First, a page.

The CHP is always evaluating and improving its programmes and over the past two years, it brought in a company to take an outside look at some of its operations. Air Rescue Systems was selected as the outside provider, and has been training crews with two-week Hoist and Long Line courses. “These courses have allowed our crews to fine tune the skills they already possessed,” said Bouyea, “but also giving them an overall fresh look at hoist rescues in general from a respected company with worldwide recognition.”
 
Crowded skies
Not only are the skies in California crowded with other first responder aircraft, they are also crowded with the media aircraft, and more recently, drones. Bouyea said: “We have a memorandum of understanding with the air providers in the state. Aircraft are on the same air-to-air frequency, we have a common air-to-ground frequency, we separate by 500 feet AGL, we orbit the same direction, and have a 180-degree offset in order to maintain visual separation of each other.” 
 
 
 

Sergeant Rich Bookbinder, Pilot for the CHP, spoke to AirMed&Rescue about his role

 
What is the most challenging part of your role, and what is the most satisfying?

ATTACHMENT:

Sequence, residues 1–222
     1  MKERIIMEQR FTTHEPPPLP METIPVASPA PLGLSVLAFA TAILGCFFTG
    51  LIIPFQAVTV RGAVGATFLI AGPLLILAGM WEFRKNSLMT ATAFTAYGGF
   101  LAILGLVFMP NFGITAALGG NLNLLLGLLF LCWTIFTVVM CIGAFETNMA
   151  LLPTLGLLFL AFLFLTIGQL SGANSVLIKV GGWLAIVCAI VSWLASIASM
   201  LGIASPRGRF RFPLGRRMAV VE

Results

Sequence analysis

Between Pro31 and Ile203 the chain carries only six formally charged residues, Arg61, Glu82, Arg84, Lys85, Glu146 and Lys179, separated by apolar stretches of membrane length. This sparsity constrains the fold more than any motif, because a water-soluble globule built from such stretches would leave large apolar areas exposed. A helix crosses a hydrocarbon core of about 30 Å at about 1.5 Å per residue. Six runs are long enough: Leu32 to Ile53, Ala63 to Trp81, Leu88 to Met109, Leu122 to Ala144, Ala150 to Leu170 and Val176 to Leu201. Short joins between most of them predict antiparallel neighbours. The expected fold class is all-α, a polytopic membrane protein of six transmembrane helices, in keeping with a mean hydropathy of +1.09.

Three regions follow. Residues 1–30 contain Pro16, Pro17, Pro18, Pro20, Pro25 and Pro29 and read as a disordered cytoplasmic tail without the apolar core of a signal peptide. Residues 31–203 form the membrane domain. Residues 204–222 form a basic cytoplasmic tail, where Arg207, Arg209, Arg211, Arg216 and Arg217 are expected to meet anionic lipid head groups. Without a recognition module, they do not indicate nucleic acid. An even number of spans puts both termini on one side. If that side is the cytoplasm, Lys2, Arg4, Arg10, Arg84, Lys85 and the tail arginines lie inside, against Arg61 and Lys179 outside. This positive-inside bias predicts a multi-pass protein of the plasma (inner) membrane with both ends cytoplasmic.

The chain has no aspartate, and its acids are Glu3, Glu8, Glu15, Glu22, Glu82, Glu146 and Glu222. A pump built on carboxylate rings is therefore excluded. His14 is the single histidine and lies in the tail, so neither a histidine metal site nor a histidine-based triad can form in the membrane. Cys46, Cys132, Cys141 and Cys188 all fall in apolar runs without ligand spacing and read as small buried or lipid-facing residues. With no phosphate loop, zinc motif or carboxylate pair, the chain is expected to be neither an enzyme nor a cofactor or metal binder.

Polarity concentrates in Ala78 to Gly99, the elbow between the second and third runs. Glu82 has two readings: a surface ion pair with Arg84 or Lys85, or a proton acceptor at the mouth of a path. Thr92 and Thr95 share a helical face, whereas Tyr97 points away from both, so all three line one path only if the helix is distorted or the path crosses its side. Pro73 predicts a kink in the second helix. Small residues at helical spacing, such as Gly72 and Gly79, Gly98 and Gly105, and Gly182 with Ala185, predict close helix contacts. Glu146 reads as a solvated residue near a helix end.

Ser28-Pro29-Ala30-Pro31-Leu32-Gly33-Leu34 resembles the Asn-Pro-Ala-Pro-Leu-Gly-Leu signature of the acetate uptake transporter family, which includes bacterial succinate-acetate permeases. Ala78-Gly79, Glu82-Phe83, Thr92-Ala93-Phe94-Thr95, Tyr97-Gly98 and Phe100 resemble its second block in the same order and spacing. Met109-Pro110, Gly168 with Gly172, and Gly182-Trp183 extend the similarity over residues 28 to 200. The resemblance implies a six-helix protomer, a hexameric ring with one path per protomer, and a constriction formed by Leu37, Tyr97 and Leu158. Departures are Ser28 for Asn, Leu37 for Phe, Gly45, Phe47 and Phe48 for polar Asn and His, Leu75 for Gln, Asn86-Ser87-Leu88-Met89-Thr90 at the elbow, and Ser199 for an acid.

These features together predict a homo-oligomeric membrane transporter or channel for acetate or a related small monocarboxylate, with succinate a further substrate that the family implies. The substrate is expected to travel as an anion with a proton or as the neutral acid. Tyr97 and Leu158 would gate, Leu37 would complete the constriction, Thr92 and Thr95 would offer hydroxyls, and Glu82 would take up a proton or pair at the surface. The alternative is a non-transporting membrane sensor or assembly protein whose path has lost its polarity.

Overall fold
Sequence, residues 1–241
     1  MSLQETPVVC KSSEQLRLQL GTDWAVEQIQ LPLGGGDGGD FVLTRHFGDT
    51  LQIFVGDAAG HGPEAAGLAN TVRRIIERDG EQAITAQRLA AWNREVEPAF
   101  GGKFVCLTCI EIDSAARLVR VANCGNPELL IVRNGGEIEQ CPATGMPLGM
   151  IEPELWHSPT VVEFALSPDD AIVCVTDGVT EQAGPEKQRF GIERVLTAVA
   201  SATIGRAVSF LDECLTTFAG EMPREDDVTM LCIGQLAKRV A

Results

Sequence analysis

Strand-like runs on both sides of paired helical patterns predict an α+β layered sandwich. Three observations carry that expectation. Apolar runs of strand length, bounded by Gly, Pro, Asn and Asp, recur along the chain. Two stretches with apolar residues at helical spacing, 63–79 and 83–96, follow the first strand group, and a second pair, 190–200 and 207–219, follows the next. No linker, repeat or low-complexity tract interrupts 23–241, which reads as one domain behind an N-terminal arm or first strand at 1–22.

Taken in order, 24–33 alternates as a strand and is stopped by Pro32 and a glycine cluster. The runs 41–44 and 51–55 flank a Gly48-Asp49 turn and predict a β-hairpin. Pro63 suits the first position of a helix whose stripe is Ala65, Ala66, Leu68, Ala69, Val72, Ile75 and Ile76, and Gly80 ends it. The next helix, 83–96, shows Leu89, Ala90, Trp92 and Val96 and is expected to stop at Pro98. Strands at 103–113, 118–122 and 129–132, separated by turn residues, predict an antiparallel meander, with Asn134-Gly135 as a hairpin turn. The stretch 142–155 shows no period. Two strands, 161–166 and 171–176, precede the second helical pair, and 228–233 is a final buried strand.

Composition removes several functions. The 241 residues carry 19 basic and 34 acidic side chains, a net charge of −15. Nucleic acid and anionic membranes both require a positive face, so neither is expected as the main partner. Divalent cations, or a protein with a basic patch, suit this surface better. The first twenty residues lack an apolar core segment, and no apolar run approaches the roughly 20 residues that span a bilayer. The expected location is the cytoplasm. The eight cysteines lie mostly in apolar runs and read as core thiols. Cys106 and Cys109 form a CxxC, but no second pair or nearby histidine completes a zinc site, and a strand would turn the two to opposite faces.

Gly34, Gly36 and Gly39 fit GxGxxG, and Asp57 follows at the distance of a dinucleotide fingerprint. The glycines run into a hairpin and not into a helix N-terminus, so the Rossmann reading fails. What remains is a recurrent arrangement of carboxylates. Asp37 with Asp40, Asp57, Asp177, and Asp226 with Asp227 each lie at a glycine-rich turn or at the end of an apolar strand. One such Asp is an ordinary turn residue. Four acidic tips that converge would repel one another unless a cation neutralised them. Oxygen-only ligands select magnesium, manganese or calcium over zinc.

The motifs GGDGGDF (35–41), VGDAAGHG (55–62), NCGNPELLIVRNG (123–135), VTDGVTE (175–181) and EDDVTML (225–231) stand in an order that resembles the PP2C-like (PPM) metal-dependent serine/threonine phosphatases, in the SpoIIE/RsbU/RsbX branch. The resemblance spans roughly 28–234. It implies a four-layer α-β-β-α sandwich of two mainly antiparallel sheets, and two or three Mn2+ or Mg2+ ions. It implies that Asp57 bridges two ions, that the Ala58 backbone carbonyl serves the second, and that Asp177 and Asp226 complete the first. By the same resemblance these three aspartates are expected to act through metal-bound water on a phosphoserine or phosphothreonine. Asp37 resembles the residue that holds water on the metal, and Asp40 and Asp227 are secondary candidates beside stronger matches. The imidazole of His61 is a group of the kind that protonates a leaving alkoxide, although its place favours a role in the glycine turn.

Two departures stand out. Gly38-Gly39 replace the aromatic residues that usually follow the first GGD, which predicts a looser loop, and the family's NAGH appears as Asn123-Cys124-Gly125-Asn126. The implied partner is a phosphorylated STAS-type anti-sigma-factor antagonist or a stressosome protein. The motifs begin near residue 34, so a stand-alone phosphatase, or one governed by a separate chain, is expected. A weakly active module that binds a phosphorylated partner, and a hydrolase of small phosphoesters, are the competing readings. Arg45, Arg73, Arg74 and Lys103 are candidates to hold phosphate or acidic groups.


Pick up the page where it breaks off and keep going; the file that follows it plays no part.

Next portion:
Having been a pilot since 1988 and flying for the CHP since 1998, I would say that the most challenging part of my role has been knowing when to say ‘no’ to a mission. We are all mission driven and want to go and help others; however, sometimes limitations due to weather, the capabilities of the aircraft, or the ability of the pilot or crewmember may cause us to have to turn down a mission. It is always a matter of evaluating risk versus gain. The Coast Guard used to have an unofficial motto that stated: ‘You have to go out, but you don’t have to come back’. Over time, the Coast Guard realised that is not the right way to do business. A more recent Coast Guard leadership document states that a more appropriate motto would be: ‘You have to go out and you have to come back, and you have to bring our resources back because we’ll need them again tomorrow’. This sums up why sometimes the right decision is to not go. The challenging part is to know when to say no. For the most satisfying, see below.
 
What attracted you to working for CHP’s Air Operations division?
I have always had a love of flying and a desire to help others. Flying for the CHP allows me to combine both. Some of my pilot friends from college went on to become airline pilots. While that type of job allows one to fly regularly, after a while it becomes a mundane job simply flying from point A to point B. Flying for the CHP is always interesting and rewarding with every day offering a different mission and destination. One day we may be doing a hoist rescue off of a cliff followed by a mission to look for armed felony suspects. The next day, we may be following a pursuit and then conduct a search for a missing person. The next day we may be doing drug surveillance followed by a dignitary protection detail. The variety of missions, the beauty of flying over the diverse countryside that California has to offer, the comradery and brotherhood of working with first class people all combine to make flying for the CHP an ideal flying job.